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Tracking issue for eRFC 2318, Custom test frameworks #50297

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Centril opened this issue Apr 28, 2018 · 34 comments

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commented Apr 28, 2018

This is a tracking issue for the eRFC "Custom test frameworks" (rust-lang/rfcs#2318).

Steps:

Unresolved questions:

@CAD97

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commented May 14, 2018

On stdout/err capture (after doing some research around the proof-of-concept #50457):

The current state is sub-optimal, to say the least. Both stdout and stderr exist as thread-local handles that only the stdlib has access to, which print family of macros use, as does panic.

Relevant libstd snippets

thread_local! {
static LOCAL_STDOUT: RefCell<Option<Box<Write + Send>>> = {
RefCell::new(None)
}
}

thread_local! {
pub static LOCAL_STDERR: RefCell<Option<Box<Write + Send>>> = {
RefCell::new(None)
}
}

rust/src/libstd/io/stdio.rs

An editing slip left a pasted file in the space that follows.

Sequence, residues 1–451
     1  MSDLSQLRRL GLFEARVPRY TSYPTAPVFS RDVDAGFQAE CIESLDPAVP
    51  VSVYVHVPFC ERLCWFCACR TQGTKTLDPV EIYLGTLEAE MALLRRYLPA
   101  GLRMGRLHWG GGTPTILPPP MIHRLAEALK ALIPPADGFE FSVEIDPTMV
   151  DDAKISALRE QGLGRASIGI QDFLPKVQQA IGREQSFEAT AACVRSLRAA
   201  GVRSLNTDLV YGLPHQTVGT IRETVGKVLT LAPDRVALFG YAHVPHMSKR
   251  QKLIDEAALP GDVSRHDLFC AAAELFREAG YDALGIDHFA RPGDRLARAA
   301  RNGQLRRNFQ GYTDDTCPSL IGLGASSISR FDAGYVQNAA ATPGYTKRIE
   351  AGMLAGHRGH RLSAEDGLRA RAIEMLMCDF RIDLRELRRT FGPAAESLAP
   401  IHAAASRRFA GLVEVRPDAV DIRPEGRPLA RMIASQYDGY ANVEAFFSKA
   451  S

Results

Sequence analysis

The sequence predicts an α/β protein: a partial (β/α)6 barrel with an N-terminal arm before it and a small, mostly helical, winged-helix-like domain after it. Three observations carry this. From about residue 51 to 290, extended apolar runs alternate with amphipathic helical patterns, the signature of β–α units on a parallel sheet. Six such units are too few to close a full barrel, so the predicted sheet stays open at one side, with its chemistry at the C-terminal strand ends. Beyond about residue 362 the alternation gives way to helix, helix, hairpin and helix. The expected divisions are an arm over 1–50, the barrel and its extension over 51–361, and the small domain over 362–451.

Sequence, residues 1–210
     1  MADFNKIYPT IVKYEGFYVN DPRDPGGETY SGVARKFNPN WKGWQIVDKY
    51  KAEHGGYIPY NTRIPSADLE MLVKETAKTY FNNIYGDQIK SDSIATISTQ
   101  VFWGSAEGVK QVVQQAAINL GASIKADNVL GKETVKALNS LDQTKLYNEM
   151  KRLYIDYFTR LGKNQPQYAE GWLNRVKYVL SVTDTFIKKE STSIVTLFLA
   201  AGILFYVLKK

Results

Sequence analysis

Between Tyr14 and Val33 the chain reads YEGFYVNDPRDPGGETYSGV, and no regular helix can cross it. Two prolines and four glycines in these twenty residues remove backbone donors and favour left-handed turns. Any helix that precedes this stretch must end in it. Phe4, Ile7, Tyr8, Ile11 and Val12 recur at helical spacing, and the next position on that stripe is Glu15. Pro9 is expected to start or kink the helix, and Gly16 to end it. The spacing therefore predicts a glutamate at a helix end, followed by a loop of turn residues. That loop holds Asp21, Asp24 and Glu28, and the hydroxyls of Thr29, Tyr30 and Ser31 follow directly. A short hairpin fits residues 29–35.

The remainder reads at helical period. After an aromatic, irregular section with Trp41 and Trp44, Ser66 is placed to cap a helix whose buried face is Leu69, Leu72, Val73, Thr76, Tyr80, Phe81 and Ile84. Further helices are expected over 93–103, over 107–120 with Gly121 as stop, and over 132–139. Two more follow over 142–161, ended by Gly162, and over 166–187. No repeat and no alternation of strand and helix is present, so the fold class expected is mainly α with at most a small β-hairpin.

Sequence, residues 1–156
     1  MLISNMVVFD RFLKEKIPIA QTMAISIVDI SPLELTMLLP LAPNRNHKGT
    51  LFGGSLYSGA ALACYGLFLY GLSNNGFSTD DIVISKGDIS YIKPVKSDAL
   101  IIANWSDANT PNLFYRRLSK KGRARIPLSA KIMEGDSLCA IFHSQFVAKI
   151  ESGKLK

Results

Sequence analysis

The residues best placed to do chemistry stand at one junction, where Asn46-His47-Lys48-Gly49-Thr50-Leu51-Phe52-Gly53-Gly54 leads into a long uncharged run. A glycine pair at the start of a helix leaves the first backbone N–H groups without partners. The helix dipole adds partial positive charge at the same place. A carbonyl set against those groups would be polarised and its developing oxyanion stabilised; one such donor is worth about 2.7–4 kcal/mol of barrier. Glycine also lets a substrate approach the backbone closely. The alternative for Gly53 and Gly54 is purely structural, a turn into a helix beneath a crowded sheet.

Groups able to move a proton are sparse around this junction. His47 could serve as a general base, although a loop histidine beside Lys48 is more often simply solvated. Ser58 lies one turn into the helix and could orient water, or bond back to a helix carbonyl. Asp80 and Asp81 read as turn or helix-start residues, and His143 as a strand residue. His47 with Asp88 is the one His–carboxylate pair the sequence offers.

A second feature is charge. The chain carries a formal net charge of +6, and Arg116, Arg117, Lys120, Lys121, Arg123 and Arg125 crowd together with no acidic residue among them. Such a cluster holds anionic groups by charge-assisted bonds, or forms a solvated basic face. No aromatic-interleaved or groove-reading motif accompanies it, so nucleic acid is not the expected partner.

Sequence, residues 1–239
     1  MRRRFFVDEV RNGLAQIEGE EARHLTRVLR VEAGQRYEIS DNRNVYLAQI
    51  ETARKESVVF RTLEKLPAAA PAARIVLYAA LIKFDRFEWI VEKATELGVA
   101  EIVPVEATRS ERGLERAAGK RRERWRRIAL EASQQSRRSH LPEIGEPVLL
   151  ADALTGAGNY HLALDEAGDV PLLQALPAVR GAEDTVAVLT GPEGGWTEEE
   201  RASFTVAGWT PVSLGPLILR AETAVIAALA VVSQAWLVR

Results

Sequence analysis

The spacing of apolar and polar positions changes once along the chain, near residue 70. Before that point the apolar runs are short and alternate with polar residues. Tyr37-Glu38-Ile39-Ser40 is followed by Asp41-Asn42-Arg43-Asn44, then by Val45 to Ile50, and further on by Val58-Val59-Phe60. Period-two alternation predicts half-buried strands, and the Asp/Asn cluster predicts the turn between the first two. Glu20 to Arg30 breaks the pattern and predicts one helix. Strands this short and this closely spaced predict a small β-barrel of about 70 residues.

Lines 614 to 711 in 935a2f1

/// Resets the thread-local stderr handle to the specified writer
///
/// This will replace the current thread's stderr handle, returning the old
/// handle. All future calls to `panic!` and friends will emit their output to
/// this specified handle.
///
/// Note that this does not need to be called for all new threads; the default
/// output handle is to the process's stderr stream.
#[unstable(feature = "set_stdio",
reason = "this function may disappear completely or be replaced \
with a more general mechanism",
issue = "0")]
#[doc(hidden)]
pub fn set_panic(sink: Option<Box<Write + Send>>) -> Option<Box<Write + Send>> {
use panicking::LOCAL_STDERR;
use mem;
LOCAL_STDERR.with(move |slot| {
mem::replace(&mut *slot.borrow_mut(), sink)
}).and_then(|mut s| {
let _ = s.flush();
Some(s)
})
}